Driverless Cars: Myths and Reality
September 22, 2014
Driverless cars are coming closer to reality every day but they still have a long way to go. It’s going to be some time before governments and auto manufacturers can all agree on a common system that will allow driverless cars to communicate with each other, and the roadway.
Driverless cars could lead to a future with fewer traffic jams, lower commute times, more fuel efficiency, and, most important of all, safer driving. However, a driverless car that’s one hundred percent driverless and one hundred percent safe is probably something that may never be achieved.
Even the best of the driverless cars being tested on the road today can’t operate in adverse weather conditions such as heavy rain and snow. Could a computer algorithm accurately predict the actions of a drunk pedestrian trying to cross the road?
Anyone who’s had a cellphone call dropped due to a momentary loss of signal can imagine what the challenges for a driverless car could be. A pack of different types and sizes of driverless vehicles traveling at interstate speeds can’t afford to drive through a wireless signal blind spot.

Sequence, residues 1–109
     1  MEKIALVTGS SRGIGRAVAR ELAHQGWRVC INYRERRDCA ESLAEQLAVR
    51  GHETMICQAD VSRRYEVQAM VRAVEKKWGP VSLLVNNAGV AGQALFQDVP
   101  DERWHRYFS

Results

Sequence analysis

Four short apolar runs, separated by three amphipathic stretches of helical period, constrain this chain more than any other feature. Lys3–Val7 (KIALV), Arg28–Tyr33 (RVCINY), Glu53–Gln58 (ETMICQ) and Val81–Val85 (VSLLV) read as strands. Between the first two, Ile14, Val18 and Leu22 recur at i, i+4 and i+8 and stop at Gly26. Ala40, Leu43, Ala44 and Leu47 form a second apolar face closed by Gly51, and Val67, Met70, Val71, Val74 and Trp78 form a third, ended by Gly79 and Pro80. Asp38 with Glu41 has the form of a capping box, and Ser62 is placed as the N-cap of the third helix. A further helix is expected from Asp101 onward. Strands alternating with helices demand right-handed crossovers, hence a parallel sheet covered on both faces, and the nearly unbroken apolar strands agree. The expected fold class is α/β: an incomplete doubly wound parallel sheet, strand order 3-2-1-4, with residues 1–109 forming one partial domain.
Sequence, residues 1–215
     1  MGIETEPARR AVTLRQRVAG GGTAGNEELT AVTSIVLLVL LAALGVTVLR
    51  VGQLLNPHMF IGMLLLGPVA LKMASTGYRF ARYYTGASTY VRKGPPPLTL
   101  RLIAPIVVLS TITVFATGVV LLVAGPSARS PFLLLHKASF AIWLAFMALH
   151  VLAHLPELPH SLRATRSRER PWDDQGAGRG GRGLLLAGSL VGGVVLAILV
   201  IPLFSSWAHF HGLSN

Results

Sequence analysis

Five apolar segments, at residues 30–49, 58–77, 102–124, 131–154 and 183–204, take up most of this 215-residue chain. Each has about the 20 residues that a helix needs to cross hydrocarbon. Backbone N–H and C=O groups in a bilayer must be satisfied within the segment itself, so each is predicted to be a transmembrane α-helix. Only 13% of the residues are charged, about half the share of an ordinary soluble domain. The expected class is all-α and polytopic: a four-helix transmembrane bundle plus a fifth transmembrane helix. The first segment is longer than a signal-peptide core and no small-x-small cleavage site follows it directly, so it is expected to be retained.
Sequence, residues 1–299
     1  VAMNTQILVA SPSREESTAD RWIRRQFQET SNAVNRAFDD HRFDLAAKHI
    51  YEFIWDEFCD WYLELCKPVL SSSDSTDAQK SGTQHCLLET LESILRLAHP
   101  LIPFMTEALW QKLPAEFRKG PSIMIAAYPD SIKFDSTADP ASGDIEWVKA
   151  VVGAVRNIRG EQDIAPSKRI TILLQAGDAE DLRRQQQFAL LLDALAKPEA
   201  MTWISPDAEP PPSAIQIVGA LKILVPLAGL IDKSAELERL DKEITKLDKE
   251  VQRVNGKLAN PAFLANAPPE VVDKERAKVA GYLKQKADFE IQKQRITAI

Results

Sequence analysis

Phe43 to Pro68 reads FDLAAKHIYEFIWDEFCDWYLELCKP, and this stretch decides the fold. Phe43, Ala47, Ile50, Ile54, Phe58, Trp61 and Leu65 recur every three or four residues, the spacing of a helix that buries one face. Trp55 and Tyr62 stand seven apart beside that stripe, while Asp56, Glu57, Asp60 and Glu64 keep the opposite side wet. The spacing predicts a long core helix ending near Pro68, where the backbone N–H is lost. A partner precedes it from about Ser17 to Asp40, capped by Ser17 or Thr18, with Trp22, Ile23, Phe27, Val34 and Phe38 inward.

Who is ultimately responsible if a crash should occur? Will the blame for human error in a crash pass from the driver to the computer programmer who wrote the car’s operating code? Who gets sued in a traffic crash; the owner of a driverless vehicle who assumed it was safe to travel under the influence or the cell phone company whose signal was lost?
To better understand the promise and fears of driverless cars, read: 8 truths and myths of driverless cars